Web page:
Essentially, the class breaks down into four parts: “Talk about how to make something, learn how to make something, make something, tell people how you made it.” The “telling people how you made it part” is what journalists do, Britten said.
When others ask: “How is this journalism?” Britten is ready. “I always say, ‘Well, how’s writing journalism?’ ‘How is filming something journalism?’ It’s not. It’s what you do with it.” The students collect data (not journalism). Once they have the data, being able to interrogate it or identify the data they need to collect in the first place to answer the questions is the journalism.
Student knowledge level
Only one student had any prior experience with making/hacking. Britten had a lot of broadcast students and some students he taught in previous courses that he persuaded to join the class. Grades were a concern for some students because it was an experimental class, and Britten said the students needed to “feel free to fail so that they can do weird stuff.” Because the class was filled with things no one had done before, he didn’t want students to be penalized if they didn’t do it perfectly.
Where to start
Britten said others can experiment just as he did. His top tips:
- Check out the user-driven support community around the Arduino microprocessor.
- Go to Instructables.com, a community-driven site where people put out info on how to make stuff with Arduinos and Raspberry Pis. Britten used it to build a water balloon cannon with his daughter from PVC pipe (they can hit the church next door with it).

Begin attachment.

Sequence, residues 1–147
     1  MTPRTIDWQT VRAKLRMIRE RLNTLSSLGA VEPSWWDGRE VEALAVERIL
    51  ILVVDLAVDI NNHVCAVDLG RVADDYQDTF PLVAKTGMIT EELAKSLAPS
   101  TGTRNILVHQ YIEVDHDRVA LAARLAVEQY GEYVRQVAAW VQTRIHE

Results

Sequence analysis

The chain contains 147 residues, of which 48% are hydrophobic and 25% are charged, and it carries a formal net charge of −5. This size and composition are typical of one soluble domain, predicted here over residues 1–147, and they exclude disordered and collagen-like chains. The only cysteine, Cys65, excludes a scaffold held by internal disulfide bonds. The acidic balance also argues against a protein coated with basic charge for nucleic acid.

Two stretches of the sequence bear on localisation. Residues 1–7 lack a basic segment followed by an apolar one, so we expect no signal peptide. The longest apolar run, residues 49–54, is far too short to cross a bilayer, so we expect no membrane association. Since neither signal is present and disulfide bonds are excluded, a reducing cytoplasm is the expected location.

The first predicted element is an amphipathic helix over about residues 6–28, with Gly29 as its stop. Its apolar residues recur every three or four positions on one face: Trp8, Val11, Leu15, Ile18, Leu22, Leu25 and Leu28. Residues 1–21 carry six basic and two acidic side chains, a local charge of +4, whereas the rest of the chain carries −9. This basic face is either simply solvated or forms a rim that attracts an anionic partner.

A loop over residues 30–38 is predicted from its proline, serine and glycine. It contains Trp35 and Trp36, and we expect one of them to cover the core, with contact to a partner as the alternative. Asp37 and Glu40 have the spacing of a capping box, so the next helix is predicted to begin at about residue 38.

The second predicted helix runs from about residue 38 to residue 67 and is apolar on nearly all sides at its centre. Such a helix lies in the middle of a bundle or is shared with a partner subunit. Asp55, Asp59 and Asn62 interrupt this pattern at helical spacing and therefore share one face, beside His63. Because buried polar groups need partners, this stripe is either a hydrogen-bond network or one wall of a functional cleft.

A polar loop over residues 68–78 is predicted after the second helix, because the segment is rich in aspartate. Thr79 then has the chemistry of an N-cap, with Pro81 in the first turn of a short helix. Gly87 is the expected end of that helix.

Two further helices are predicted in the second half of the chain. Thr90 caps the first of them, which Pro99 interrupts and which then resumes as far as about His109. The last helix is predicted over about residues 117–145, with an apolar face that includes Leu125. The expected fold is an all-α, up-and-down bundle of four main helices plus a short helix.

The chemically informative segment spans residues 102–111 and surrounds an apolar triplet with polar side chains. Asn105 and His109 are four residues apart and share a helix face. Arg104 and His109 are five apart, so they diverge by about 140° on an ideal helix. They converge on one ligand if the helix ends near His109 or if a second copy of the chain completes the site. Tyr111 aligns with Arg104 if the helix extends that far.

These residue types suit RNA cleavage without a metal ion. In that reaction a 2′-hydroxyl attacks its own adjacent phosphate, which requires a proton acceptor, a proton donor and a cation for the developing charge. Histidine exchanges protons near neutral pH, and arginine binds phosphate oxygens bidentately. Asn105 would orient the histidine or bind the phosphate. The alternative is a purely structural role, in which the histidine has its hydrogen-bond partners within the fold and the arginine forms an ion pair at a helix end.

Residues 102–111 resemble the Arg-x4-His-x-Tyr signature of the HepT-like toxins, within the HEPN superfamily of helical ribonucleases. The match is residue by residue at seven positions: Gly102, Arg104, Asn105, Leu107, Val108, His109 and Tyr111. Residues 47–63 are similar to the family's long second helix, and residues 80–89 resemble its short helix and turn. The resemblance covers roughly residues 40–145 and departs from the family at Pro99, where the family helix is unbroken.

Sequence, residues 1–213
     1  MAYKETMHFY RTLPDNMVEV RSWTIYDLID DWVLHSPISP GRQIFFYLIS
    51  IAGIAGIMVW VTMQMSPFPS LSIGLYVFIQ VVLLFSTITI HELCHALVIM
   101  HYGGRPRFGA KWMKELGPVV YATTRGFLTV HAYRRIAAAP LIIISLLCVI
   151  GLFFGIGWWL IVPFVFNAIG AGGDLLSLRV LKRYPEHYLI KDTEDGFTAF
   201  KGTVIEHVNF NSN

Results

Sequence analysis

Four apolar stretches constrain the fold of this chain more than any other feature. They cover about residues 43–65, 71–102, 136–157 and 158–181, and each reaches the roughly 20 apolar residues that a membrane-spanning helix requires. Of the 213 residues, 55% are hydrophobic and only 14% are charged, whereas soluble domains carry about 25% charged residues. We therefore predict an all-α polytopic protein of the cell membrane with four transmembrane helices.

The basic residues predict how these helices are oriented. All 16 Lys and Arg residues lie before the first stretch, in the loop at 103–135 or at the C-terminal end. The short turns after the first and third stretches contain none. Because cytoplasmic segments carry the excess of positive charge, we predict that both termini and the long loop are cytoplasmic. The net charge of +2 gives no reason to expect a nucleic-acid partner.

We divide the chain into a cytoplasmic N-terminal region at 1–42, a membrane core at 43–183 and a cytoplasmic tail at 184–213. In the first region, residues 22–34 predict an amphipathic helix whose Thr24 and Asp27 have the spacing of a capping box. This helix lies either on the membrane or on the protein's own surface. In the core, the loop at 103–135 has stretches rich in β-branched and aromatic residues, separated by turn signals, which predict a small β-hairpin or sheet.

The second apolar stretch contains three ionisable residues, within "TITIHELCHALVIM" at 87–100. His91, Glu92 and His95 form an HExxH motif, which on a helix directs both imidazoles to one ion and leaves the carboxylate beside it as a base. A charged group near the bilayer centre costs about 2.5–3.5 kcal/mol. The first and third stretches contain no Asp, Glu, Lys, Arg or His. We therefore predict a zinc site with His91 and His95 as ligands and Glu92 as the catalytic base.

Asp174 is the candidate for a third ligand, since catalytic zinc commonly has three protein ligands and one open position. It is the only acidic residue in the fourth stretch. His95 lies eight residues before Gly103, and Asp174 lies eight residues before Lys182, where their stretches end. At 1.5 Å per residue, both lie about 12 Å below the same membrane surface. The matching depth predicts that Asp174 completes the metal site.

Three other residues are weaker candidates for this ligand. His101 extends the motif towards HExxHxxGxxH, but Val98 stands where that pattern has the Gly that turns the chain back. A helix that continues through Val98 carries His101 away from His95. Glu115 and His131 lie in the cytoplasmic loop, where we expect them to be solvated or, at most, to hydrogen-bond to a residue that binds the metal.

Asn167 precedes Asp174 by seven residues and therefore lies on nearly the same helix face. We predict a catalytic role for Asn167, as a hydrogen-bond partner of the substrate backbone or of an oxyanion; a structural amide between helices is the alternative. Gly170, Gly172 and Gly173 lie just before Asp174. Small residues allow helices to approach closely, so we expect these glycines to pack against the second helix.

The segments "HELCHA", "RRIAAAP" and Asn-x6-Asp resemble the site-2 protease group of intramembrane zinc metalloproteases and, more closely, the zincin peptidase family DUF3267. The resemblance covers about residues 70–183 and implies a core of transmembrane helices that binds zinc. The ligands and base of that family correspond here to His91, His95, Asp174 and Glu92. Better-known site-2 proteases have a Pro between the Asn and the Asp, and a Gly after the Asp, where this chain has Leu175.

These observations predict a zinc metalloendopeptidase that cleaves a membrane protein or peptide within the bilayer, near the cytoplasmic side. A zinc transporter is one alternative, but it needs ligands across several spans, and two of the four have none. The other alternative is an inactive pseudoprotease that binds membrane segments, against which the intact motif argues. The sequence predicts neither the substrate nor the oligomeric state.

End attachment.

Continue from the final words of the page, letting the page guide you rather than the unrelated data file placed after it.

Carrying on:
- Get yourself into a maker mindset. Don’t even worry about electronics right away. Figure out what to make and how to make it. Find something you find fun.
- Find a good starter kit that gives you a variety of projects you can do right out of the box.
- Find yourself an evangelist. Britten got his first Arduino training from a local “make” shop in Pittsburgh. Check out this wiki with a searchable list of hackerspaces.
Eventually you become the evangelist and the great cycle continues, Britten said.
A fulfilling adventure
Britten said he’ll keep the analog session where students bring in something they make at the beginning, but he will probably make it shorter. He also wants them to explore building sensors that detect something other than temperature, such as noise.
Britten said teaching this kind of class is, “Just fun to me. It’s awakened parts of me that I’ve neglected for a while when you get stuck in the ropes of teaching the same thing over and over again.” He said not having a regular lesson plan to work from created “a beautiful panic. I don’t know what I’m going to do next. I’ll figure it out.”
Susan Kirkman Zake is an assistant professor in Kent State’s School of Journalism and Mass Communication, where she teaches classes in digital content creation. Her research areas include the intersection of technology and journalism, as well as media responses to disruption. She can be reached at [email protected].